- Two New England men have become the first people charged in the United States with fraudulently applying for aid from a federal program designed to help small businesses deal with financial fallout from the coronavirus pandemic.
- The men allegedly applied for a combined more than $500,000 in assistance from the new CARES Act Payroll Protection Program.
- David Staveley and David Butziger allegedly claimed to "have dozens of employees earning wages at four different business entities when, in fact, there were no employees working for any of the businesses," the Justice Department said.
Two New England men have become the first people charged in the United States with fraudulently applying for aid from a federal program designed to help small businesses deal with financial fallout from the coronavirus pandemic.
The men allegedly applied for more than $500,000 in assistance from the new CARES Act Payroll Protection Program, federal prosecutors said Tuesday.
David Staveley, 52, a resident of Andover, Massachusetts, and David Butziger, 51, of Warwick, Rhode Island, allegedly claimed to "have dozens of employees earning wages at four different business entities when, in fact, there were no employees working for any of the businesses," the Justice Department said.
Staveley and Butziger are charged in a federal criminal complaint with conspiracy to make false statements to influence the Small Business Administration and conspiracy to commit bank fraud.
Staveley, who also is known by the name Kurt Sanborn, additionally is charged with aggravated identity theft, and Butziger also is charged with bank fraud.
Under the name Kurt Sanborn, Staveley was sentenced in 2015 to 27 months in federal prison for fraud related to mortgages on properties in New Hampshire.
Prosecutors said Tuesday that he and Butziger are alleged to have discussed via email "the creation of fraudulent loan applications and supporting documentations to seek loans guaranteed by the SBA for COVID-19 relief."
Rhode Island U.S. Attorney Aaron Weisman, whose office lodged the charges, said in a statement, "Tens of millions of Americans have lost their jobs and have had their lives thrown into chaos because of the coronavirus pandemic."
"It is unconscionable that anyone would attempt to steal from a program intended to help hard working Americans continue to be paid so they can feed their families and pay some of their bills," Weisman said.
Authorities said that Staveley claimed in loan applications seeking $438,500 "that he had dozens of employees at three restaurants he owned, two in Warwick, Rhode Island, and one in Berlin, Massachusetts."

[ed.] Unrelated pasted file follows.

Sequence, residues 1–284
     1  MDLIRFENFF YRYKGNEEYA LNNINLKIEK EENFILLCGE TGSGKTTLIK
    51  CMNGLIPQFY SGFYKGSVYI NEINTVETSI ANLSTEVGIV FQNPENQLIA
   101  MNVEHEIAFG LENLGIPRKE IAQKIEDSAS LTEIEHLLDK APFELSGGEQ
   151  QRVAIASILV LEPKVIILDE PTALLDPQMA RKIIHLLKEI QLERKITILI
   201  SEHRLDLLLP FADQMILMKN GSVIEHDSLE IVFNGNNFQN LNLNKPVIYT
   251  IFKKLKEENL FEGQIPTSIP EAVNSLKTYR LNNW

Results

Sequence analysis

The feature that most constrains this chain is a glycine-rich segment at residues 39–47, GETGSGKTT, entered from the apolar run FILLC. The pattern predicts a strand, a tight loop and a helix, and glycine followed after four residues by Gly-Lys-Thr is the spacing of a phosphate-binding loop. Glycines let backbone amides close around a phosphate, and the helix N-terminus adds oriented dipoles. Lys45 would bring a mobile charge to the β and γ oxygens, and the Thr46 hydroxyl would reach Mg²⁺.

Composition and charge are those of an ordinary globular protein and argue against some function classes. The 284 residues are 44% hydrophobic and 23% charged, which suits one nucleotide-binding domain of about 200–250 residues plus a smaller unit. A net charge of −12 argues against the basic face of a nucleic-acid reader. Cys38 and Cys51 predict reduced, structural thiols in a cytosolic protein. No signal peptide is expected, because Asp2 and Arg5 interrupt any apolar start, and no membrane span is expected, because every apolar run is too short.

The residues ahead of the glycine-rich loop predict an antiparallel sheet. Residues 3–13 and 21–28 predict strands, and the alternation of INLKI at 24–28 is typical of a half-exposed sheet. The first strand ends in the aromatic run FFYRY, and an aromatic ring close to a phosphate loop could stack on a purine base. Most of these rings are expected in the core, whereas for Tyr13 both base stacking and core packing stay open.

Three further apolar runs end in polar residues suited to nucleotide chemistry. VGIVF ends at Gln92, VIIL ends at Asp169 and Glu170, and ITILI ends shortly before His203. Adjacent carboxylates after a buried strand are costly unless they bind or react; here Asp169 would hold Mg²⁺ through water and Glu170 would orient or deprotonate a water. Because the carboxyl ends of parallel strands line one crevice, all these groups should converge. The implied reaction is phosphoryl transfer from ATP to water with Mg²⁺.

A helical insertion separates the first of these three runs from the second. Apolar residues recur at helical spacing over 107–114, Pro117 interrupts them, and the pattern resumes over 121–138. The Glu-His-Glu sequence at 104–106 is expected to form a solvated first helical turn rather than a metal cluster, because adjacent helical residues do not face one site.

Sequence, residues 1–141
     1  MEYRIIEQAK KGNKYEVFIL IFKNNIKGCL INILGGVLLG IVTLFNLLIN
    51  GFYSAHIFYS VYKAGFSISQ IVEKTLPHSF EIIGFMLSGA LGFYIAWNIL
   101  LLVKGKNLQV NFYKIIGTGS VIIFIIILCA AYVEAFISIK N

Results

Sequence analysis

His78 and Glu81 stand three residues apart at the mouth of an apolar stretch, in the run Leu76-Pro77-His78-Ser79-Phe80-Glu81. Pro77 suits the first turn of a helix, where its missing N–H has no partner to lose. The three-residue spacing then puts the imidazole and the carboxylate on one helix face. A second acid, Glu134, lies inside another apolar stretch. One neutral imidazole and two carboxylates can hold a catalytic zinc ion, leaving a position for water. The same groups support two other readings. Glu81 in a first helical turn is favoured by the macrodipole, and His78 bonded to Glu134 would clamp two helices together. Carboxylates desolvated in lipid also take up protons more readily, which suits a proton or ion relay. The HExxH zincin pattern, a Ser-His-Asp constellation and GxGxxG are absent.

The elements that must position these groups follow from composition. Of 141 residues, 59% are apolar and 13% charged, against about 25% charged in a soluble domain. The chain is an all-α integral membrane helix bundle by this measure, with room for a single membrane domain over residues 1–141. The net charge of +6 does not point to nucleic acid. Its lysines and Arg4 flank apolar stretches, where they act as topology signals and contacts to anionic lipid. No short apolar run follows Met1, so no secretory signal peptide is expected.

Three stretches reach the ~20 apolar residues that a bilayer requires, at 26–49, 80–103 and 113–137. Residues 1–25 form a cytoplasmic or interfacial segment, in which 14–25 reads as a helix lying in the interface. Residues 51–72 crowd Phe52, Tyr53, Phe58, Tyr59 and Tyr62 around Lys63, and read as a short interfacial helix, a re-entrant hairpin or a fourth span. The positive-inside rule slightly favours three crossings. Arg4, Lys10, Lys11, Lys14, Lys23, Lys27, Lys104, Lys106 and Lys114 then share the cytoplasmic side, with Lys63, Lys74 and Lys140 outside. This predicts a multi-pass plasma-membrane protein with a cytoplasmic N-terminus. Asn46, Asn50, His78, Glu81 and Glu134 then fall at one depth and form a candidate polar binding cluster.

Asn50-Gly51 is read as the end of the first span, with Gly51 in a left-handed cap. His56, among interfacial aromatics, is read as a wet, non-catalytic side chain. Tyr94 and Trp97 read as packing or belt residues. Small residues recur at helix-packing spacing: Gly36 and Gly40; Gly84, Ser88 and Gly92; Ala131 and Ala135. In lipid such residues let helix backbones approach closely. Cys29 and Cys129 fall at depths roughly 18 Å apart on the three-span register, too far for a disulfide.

"An investigation determined that one of the Rhode Island restaurants, the former Remington House, and the Massachusetts restaurant, On The Trax, were not open for business prior to the start of the COVID-19 pandemic, at the time the loan applications were submitted, or at any time thereafter," according to the Justice Department.
"Moreover, Staveley did not own or have any role in the second Rhode Island restaurant, Top of the Bay, for which he was seeking financial relief."
Court records show that Staveley's Massachusetts restaurant was closed by March 10 after the town of Berlin revoked its liquor license for reasons that include "Sanborn" allegedly misrepresenting "that his brother owned the restaurant," the Justice Department said.
"Investigators obtained information that Staveley/Sanborn allegedly used his brother's personal identifying information in other real estate transactions as well," the Justice Department said.
Court documents also say that on April 6, Butziger applied for a $105,381 SBA loan as the owner of a company named Dock Wireless.
Butziger allegedly claimed in bank documents and in a call with an FBI undercover agent posing as a bank compliance officer that he had seven full-time workers on Dock Wireless' payroll, including himself.
But Rhode Island State Department of Revenue records did not show any evidence of such workers, according to the Justice Department.
The CARES Act, which became law at the end of March, offers emergency financial aid to Americans affected by the coronavirus outbreak.
The Payroll Protection Program, which is part of the law, originally authorized $349 billion in forgivable loans to small businesses to help them retain employees and to cover some other expenses. Congress last month authorized more than $300 billion in extra funds for the PPP after the original allotment ran dry.